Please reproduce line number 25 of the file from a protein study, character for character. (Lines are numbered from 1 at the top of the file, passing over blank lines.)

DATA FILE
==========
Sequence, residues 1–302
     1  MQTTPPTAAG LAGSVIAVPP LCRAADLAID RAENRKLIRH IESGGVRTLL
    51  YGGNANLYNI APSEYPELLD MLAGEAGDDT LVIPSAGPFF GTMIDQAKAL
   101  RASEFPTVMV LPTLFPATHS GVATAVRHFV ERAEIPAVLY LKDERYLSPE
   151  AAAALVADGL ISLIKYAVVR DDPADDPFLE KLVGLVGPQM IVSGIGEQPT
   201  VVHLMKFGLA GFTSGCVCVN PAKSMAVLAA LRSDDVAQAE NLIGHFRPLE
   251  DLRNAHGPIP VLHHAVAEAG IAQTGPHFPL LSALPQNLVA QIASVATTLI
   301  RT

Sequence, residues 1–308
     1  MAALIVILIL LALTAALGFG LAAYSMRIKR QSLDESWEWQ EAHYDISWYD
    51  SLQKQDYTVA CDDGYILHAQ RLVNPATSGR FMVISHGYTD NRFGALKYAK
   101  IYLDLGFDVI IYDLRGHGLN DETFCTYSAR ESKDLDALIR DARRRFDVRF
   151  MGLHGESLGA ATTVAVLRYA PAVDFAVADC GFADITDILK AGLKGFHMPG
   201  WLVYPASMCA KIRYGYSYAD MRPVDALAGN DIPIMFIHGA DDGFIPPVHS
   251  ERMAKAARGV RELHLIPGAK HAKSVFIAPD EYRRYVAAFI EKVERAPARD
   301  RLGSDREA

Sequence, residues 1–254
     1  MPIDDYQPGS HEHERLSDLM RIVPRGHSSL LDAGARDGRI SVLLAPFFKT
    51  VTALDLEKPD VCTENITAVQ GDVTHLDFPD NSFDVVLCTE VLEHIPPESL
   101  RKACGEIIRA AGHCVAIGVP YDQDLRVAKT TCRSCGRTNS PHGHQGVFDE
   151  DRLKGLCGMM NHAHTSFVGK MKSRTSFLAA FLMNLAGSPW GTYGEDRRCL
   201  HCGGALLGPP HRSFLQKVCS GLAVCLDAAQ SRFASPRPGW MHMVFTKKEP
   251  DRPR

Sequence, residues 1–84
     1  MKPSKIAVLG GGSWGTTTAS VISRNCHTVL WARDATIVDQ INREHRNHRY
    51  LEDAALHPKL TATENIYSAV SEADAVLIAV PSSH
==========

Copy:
     1  MKPSKIAVLG GGSWGTTTAS VISRNCHTVL WARDATIVDQ INREHRNHRY